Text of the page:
Judge Avern Cohn finally cuts back schedule — at 95
Detroit — At the federal courthouse, people have wondered for years when Judge Avern Cohn would finally ease up. With 40 years, two months and two weeks behind him on the bench, there's finally an answer: Now.
Cohn, 95, confirmed through a court spokesman Tuesday that he is reducing his caseload.
"Judge Cohn is in his mid-90s and has been carrying a full caseload for all these years," public information officer David Ashenfelter said. "He has decided that it's time to cut back."
An administrative order from Chief U.S. District Judge Denise Page Hood informed staffers Monday that Cohn's criminal cases were being reassigned. He remains on the docket for civil cases.
Appointed in 1979 by President Jimmy Carter, Cohn assumed senior status in October 1999. While that typically means part-time duty, nothing changed for Cohn except his title.
Known both for his intellect and his temper, he could still be withering with attorneys. More recently, he told The Detroit News in July, "I've cooled down. Age. But every so often, I get impatient."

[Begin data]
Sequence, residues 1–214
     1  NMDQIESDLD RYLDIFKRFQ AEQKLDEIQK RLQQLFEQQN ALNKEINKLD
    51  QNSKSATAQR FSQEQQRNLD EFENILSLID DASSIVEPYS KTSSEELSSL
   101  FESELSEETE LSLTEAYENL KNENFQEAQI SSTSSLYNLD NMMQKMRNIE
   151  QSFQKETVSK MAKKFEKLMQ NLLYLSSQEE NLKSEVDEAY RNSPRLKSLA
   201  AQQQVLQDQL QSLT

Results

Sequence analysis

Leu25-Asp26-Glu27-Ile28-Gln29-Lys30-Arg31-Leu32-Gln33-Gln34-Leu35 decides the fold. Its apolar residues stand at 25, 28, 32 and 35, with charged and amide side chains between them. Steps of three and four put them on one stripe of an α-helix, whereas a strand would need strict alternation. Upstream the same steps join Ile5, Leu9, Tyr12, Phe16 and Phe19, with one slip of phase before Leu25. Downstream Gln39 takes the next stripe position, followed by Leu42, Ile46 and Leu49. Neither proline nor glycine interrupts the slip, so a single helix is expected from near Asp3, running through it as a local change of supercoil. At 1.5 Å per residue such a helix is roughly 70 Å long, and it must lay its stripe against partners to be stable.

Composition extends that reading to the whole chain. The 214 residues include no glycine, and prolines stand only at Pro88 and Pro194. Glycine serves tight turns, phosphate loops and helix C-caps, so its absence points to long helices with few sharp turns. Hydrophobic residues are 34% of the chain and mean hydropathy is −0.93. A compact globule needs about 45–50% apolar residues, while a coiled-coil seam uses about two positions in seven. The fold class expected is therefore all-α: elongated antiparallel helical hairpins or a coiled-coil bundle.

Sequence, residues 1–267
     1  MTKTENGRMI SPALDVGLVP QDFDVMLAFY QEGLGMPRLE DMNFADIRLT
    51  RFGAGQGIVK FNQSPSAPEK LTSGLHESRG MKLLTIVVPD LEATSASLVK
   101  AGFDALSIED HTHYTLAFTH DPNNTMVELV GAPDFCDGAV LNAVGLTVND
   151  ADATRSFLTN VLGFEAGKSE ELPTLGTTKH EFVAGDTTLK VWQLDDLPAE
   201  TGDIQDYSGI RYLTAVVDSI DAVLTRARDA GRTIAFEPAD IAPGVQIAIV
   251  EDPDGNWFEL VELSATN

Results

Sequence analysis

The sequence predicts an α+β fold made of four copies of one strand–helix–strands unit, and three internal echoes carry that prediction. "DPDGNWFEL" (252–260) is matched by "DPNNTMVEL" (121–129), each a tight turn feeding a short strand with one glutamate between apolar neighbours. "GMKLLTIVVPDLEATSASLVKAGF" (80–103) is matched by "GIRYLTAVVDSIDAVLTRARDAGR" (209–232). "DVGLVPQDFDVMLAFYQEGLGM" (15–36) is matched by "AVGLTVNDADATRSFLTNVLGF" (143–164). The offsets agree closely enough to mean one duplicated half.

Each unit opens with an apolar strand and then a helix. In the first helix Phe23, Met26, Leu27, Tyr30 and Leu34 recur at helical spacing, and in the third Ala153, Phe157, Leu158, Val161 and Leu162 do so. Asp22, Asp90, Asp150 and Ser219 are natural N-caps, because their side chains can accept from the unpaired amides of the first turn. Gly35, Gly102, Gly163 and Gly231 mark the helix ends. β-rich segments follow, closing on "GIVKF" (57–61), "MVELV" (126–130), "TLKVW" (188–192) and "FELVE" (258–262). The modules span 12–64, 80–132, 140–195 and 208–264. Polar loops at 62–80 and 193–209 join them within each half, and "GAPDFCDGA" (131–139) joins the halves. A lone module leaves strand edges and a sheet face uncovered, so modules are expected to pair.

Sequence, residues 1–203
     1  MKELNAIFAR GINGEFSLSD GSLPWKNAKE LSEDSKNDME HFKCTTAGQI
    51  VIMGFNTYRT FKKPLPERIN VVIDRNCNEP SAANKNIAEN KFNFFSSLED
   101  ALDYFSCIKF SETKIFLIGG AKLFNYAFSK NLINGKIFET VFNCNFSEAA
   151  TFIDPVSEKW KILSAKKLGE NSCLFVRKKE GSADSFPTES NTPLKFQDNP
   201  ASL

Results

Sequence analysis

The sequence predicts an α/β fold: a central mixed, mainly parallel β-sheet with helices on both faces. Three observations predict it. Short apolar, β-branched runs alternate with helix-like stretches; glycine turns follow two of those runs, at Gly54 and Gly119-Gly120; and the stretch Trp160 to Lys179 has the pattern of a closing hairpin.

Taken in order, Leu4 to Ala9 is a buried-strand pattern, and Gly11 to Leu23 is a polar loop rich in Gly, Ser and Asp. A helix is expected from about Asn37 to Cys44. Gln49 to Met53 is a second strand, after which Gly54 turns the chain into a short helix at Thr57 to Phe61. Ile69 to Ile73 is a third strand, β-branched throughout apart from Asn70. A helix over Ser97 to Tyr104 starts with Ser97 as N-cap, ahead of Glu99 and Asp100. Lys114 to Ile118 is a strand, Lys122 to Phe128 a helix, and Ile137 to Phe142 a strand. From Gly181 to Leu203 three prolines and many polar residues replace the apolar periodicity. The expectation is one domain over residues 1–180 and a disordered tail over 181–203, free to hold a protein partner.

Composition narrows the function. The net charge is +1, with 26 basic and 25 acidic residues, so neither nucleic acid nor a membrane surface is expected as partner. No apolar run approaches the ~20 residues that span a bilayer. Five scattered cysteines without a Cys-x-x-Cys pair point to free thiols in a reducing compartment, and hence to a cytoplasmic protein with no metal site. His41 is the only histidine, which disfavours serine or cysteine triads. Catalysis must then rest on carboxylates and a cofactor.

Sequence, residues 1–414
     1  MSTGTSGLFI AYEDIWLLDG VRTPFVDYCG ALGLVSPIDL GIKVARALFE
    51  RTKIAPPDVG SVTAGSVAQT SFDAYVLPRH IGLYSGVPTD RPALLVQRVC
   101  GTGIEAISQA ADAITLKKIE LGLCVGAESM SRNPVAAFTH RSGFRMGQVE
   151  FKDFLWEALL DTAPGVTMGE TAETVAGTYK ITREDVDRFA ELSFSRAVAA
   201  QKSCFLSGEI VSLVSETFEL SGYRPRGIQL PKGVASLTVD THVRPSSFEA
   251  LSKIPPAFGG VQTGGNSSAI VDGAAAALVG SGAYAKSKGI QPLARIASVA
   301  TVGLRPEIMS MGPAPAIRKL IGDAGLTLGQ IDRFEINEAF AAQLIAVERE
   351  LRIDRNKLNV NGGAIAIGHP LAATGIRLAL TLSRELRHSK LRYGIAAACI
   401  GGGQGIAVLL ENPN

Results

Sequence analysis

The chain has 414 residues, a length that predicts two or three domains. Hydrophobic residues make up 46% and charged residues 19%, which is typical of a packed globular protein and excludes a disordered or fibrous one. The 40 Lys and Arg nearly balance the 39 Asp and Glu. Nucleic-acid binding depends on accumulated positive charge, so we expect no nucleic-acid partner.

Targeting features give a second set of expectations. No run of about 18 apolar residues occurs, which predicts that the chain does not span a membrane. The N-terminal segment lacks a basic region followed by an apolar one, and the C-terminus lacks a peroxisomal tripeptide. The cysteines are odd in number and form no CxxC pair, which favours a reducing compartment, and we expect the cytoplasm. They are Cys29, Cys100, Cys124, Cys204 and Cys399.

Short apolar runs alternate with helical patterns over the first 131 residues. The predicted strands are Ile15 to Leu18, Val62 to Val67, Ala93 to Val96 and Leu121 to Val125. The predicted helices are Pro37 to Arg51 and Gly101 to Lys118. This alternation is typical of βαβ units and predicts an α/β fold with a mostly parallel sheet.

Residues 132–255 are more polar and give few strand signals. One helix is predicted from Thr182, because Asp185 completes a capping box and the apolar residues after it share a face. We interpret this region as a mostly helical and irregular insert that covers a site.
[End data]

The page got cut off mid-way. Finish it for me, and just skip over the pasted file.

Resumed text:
A native Detroiter and the son of a lawyer, Cohn served in the Army during World War II. The Army had started him in medical school and he kept at it briefly after his discharge in 1946, then switched tracks.
As a lawyer, he represented looters for free after the 1967 uprising and later served as a Detroit police commissioner. As a judge, he struck down the University of Michigan's anti-hate-speech code as overbroad and presided over the case of former Detroit City Council President Monica Conyers, who drew 37 months for taking bribes.
At a courthouse celebration of his 95th birthday in July, colleagues noted his relentless curiosity and rabid reading habit, which includes six newspapers a day.
Physically diminished — he uses a walker, and hires a driver to take him to and from work — he fell in his dressing room at the courthouse a few days after the party and looked as though he'd been in a brawl.
Courthouse insiders report that he has had good days and bad days since, but he has reported to work faithfully. His office and staff are budgeted through the end of the fiscal year in September.